“It’s possible that you’re more reluctant than you should be to spend money in order to free up time — for instance, by paying for time-saving services or purchasing time-saving devices.”

This is totally true. I’ve tried to get better at this recently, but I know that I have a tendency to be overly frugal when it comes to paying for time-saving services.

As the instructions in the tool state:

You will not always find it useful to put a monetary value on your time. If you’re on a relaxing beach vacation, for instance, you probably don’t want to think in these terms. But many of life’s decisions require you to trade money for time or vice versa. For these situations, it’s very useful to know the specific value you place on your time.

How Much Is Your Time Really Worth?

Note: the tool asks for your email address after you answer a few questions, but you can leave it blank and still see your results.

So, how much is your time worth? Did you learn anything?


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Decide for yourself what you want, then find a way to make it happen.

100 Days Without Fear: A Daily Video Experiment

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A few months ago, Michelle Poler moved from Venezuela to New York to pursue a Master’s Degree. While she was there, she started a project called 100 Days Without Fear to systematically combat the things that she was afraid of.

This fun project recently wrapped up with daily videos of her teaching a Zumba class, crowd surfing, posing nude for a drawing class, interviewing strangers, and attempting dozens of other interesting tasks.

Check out a few of them below or directly on the project page.





Hat Tip: Booooooom

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Decide for yourself what you want, then find a way to make it happen.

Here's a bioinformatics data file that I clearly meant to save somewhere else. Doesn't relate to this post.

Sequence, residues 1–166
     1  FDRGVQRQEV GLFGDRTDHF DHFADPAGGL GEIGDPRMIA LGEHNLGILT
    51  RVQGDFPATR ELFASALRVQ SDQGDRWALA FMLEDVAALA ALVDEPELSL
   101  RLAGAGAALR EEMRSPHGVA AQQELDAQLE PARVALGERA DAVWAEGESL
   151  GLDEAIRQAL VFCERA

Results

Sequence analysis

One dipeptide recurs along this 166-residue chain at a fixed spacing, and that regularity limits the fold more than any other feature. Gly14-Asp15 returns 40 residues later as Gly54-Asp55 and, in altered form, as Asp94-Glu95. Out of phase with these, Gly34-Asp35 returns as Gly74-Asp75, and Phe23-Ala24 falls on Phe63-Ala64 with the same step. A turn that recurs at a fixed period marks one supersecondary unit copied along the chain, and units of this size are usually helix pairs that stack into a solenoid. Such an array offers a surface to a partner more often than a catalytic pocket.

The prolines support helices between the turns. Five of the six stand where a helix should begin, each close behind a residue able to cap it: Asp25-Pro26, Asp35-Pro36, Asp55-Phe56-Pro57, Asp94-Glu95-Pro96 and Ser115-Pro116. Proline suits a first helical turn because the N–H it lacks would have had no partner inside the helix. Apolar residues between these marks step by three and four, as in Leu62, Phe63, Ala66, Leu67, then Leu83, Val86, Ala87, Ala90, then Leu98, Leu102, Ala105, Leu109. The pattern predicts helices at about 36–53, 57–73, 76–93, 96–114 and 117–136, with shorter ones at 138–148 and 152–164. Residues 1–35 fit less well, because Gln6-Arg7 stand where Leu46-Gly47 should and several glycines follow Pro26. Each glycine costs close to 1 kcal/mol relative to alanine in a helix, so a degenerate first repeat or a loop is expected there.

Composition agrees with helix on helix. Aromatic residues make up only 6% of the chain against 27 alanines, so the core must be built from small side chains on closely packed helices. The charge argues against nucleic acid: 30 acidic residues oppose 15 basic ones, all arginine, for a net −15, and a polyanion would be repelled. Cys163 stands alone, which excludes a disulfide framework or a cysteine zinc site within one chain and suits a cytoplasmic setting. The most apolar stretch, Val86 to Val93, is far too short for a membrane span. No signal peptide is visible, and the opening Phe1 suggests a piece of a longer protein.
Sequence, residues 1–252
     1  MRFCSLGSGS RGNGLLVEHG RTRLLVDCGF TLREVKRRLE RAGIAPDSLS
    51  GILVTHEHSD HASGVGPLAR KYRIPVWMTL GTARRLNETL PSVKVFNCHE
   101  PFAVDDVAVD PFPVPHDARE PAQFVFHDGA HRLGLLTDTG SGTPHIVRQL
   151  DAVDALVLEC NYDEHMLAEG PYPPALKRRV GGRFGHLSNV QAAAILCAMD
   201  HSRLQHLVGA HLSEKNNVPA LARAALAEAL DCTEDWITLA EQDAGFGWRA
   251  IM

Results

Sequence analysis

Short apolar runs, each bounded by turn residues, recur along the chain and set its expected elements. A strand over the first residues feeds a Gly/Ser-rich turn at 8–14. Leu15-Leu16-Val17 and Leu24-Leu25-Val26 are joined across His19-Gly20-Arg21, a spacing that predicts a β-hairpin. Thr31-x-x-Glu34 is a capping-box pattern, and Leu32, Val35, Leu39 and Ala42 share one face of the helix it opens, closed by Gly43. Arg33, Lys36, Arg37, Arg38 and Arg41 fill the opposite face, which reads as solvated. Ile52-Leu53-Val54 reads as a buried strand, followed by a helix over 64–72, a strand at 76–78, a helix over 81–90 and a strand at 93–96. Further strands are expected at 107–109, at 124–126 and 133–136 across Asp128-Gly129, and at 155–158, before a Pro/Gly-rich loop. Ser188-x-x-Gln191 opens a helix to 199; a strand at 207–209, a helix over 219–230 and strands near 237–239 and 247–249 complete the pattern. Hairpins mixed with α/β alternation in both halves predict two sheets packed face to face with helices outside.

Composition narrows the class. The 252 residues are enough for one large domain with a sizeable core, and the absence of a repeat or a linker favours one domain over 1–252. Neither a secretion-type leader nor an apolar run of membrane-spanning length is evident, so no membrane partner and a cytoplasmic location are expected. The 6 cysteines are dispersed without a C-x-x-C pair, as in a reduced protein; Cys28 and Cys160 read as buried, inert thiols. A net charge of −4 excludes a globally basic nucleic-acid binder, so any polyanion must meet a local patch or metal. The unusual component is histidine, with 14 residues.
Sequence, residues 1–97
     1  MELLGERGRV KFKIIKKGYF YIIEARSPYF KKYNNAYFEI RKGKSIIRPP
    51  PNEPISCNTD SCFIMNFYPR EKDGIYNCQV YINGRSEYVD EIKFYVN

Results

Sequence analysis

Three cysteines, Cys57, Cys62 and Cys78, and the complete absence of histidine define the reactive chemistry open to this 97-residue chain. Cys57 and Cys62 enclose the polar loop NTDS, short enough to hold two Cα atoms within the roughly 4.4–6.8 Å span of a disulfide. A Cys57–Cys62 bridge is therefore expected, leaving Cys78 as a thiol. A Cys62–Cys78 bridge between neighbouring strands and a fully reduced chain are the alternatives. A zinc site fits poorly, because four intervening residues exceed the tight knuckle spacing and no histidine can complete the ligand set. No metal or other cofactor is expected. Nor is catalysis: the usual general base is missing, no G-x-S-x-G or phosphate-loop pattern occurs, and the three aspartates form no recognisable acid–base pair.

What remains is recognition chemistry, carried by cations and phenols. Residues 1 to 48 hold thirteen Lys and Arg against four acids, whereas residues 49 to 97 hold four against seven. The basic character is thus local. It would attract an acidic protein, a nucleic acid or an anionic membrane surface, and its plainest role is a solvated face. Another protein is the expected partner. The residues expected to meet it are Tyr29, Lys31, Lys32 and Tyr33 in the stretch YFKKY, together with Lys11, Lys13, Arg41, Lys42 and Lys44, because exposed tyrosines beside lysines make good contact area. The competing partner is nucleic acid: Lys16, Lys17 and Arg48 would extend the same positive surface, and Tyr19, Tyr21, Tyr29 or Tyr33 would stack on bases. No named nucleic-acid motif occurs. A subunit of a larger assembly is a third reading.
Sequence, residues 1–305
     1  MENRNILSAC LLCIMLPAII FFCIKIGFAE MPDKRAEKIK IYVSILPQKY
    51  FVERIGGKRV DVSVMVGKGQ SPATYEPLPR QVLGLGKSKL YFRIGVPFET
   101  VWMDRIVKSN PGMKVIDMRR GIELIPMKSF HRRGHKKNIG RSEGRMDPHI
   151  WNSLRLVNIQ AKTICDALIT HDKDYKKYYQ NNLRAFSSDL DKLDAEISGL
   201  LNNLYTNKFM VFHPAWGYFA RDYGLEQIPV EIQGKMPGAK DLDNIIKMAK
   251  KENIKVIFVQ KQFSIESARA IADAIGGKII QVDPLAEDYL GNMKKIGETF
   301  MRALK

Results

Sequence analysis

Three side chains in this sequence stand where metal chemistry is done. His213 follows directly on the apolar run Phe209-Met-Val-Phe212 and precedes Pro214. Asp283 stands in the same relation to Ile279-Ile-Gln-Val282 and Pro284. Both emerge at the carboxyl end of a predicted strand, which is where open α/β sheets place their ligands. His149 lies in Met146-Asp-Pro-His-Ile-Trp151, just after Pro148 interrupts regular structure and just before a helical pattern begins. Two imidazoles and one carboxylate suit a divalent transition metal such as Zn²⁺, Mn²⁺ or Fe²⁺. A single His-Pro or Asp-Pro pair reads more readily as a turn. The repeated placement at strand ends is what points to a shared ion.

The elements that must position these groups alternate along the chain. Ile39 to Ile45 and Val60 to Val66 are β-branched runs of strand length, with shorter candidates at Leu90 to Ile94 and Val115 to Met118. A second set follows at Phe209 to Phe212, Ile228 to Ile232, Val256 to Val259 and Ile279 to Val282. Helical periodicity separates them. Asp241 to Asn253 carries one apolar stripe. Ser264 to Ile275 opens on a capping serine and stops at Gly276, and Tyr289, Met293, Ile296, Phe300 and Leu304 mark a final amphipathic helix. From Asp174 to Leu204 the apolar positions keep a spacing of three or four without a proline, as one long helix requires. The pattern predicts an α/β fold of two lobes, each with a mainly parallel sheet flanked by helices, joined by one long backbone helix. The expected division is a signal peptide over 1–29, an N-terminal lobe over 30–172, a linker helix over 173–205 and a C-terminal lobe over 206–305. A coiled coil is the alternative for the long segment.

Pioneer Nation Returns in October: Here’s How You Can Join Us!

Pioneer Nation tickets go on sale next Thursday, August 13th


Last year we debuted an all-new event to serve independent entrepreneurs and anyone who felt underserved by existing business conferences. We called it Pioneer Nation—and the first gathering was a tremendous success.

We’ll be returning in October (just two months from now!) for our second edition. If you’d like to hang out in a mountain resort an hour from Portland, Oregon and learn new skills for taking your business to another level, you can sign up next week.

With more than a hundred other like-minded solopreneurs, entrepreneurs, freelancers, and small business owners, Pioneer Nation is a place for you to spend time collecting ideas and implementing strategies. The entire weekend is action-focused and features a team of experts who will help you along the way.










Ticket Sales Begin Next Thursday

Pioneer Nation is much smaller than WDS, our flagship event. We’ll only be offering 150 tickets on a first-come, first-served basis. We expect them to go live on Thursday, August 13.

I’ll post here when they’re available, and you can also join the waiting list for a sneak preview.


Decide for yourself what you want, then find a way to make it happen.